“Threats or no threat, our own people’s attitude towards music and singers has been hostile. Young female singers such as Rabia Tabbasum, Aiman Udas and Ghazala Javed, as well as Anwar Gul (a tabla player), and Shabana (a dancer), died tragic deaths while noted Pashto folk singers Rasool Badshah and Zarshad Ali fell victim to fatal diseases and a senior versatile folk singer such as Kamal Masood hailing from south Waziristan had migrated to Rawalpindi following threats from militants where he succumbed to serious burn injuries at his rented home caused by a gas cylinder blast,” he said.

Akbar Hussain, 72, a senior Pashto folk singer, said, “The conditions for Pashto music are not favourable in Khyber Pakhtunkhwa and Fata in many ways. My elder son was kidnapped three years ago by militants. They released him very fast, though. The feeling of being attacked from militants is still looming large.”

Musharraf Bangash, a young singer, too was kidnapped but was released after remaining for sometime in captivity of militants.

Laiqzada Laiq, an author and Station Director of PBC in Peshawar, who recently has written a book on the evolution of Pashto music told this reporter, “After digitalisation, Pashto music has gained widespread popularity. Every day a new singer joins Pashto music. Music bands with new experimentation also are getting momentum. I don’t believe singers have threats now from militants – most of them hype it in the local media just to gain the sympathy of some foreign donors. Yes, quality has suffered but quantitatively Pashto music today has more artists, instrumentalities and singers than it had a few years ago.”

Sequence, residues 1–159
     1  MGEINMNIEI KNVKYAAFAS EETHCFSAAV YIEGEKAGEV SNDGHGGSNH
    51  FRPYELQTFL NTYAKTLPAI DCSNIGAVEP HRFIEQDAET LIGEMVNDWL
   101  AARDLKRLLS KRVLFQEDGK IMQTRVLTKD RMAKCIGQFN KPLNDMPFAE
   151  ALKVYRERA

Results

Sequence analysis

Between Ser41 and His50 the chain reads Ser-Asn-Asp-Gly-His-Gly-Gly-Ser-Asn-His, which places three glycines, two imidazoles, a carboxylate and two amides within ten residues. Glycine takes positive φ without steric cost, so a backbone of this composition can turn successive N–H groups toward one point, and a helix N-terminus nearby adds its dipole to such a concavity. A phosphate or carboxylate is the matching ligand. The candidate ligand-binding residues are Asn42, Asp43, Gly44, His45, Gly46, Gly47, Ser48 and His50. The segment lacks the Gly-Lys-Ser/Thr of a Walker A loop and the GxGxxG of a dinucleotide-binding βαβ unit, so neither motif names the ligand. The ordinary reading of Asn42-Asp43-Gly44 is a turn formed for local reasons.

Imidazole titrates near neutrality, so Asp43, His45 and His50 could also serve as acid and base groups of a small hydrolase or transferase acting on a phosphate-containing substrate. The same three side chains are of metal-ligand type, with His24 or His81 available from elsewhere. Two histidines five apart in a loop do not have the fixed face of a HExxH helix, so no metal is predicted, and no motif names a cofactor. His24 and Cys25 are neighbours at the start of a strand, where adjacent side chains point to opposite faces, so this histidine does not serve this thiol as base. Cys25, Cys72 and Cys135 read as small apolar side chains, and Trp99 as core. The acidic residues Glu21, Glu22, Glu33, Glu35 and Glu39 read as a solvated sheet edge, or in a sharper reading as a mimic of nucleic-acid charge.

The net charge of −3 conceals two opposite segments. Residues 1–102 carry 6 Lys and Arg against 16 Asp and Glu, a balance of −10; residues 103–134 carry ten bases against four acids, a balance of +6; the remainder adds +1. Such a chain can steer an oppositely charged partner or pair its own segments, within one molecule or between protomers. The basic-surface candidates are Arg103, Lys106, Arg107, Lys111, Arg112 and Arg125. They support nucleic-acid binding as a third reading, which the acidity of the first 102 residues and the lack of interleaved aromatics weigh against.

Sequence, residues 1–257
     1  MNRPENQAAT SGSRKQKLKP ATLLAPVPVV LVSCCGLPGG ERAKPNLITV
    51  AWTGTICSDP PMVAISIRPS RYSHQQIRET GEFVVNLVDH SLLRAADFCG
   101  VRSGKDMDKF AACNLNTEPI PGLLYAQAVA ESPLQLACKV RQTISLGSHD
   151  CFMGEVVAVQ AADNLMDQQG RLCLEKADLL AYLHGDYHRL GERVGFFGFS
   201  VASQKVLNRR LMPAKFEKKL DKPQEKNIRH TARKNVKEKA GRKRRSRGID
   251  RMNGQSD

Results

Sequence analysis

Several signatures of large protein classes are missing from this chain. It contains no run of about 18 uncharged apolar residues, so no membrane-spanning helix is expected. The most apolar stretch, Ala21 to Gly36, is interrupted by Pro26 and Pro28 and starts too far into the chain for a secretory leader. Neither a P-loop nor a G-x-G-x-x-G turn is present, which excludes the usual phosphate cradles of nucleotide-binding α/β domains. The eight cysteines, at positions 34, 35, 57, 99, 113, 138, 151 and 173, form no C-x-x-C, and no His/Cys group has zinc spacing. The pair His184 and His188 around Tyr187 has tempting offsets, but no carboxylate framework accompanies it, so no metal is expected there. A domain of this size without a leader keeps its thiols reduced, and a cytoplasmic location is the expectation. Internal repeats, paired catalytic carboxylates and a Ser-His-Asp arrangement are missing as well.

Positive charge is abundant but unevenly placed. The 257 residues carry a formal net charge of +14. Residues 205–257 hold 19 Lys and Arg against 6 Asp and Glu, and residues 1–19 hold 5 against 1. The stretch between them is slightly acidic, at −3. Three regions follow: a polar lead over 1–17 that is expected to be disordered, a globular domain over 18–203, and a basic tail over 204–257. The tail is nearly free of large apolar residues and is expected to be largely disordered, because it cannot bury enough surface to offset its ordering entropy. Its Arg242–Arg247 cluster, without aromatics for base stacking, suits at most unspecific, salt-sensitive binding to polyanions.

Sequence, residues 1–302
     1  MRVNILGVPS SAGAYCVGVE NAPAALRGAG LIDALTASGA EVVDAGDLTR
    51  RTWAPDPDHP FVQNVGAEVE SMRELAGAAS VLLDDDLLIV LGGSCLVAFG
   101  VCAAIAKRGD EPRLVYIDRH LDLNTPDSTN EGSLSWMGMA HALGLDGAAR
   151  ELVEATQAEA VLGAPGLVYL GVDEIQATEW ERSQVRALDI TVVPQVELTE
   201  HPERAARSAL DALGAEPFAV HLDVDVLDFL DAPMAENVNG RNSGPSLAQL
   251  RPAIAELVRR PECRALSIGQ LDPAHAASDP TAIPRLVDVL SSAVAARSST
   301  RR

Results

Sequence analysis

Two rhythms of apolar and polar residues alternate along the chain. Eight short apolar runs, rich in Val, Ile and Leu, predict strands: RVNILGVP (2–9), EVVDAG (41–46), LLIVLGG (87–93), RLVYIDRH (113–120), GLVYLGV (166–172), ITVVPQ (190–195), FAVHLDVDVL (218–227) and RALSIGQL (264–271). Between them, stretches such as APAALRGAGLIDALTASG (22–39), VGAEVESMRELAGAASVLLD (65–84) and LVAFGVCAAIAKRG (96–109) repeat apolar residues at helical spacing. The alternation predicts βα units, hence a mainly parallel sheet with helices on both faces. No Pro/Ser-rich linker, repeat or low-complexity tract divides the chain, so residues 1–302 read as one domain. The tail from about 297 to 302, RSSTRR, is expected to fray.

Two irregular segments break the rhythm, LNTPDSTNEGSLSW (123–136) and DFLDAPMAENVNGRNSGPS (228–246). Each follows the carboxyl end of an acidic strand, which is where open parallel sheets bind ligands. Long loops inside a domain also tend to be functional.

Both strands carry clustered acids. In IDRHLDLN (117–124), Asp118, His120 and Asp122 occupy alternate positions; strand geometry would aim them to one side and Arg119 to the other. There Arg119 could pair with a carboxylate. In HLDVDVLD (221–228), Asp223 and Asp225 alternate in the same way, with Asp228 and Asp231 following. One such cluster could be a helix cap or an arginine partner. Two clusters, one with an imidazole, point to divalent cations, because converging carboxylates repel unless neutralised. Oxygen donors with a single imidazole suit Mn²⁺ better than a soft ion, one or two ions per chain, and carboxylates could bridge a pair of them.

The acclaimed singer Sardar Yousafzai who survived an attempt on his life on 15 December 2008, however, underlined that singers and artists in the scenic valley are still facing problems of insecurity and threats from militants:

“Hardly a week goes when I don’t receive threats from extremists. But we have to fight back militancy. I am used to it now. We need to uphold our cultural identity at all costs,” he determined.

Senior Pashto folk singers Zarsanga, Akbar Hussain, Hidayatullah, Gluab Sher, Mashooq Sultana and Qamru Jan are living a miserable life, they told Freemuse.

“There is an undeclared ban on playing music. Artists and singers cannot perform live in Fata, and in settled areas too they are reluctant to perform in open air, for instance at wedding ceremonies, because of fear being attacked by militants. Every moment the sound of music is being choked,” told Tajwali Khan, a music buff in Peshawar.

Sher Alam Shinwari is an active member of the Culture Journalists Forum in Peshawar, working for the freedom of expression, and welfare for the artists and singers in Pakistan – and in particular in North West province – the militancy hit – Khyber Pakhtunkhwa and Fata.

The Takhleeq Development Foundation (TDF – which translates to ‘The Creativity Development Foundation’) and Culture Journalists Forum (CJF) will jointly celebrate Music Freedom Day (MFD) on Sunday 3 March 2013 at a local hotel in Peshawar where they will discuss issues being faced by artists and singers in this part of the world and also senior and new artists and singers will perform live. Sher Alam Shinwari will be posting a complete report from the event on

On 3 March 2013:
Pakistan: Music Freedom Day exhibition, seminar and concert in Peshawar